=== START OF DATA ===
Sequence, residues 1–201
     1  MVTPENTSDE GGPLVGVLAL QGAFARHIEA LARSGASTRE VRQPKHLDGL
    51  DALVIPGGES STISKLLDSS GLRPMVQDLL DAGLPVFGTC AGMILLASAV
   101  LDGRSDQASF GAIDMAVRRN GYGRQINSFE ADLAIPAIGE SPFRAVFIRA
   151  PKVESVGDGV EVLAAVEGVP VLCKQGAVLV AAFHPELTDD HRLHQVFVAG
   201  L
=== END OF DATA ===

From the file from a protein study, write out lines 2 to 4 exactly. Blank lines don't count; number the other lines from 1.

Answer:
     1  MVTPENTSDE GGPLVGVLAL QGAFARHIEA LARSGASTRE VRQPKHLDGL
    51  DALVIPGGES STISKLLDSS GLRPMVQDLL DAGLPVFGTC AGMILLASAV
   101  LDGRSDQASF GAIDMAVRRN GYGRQINSFE ADLAIPAIGE SPFRAVFIRA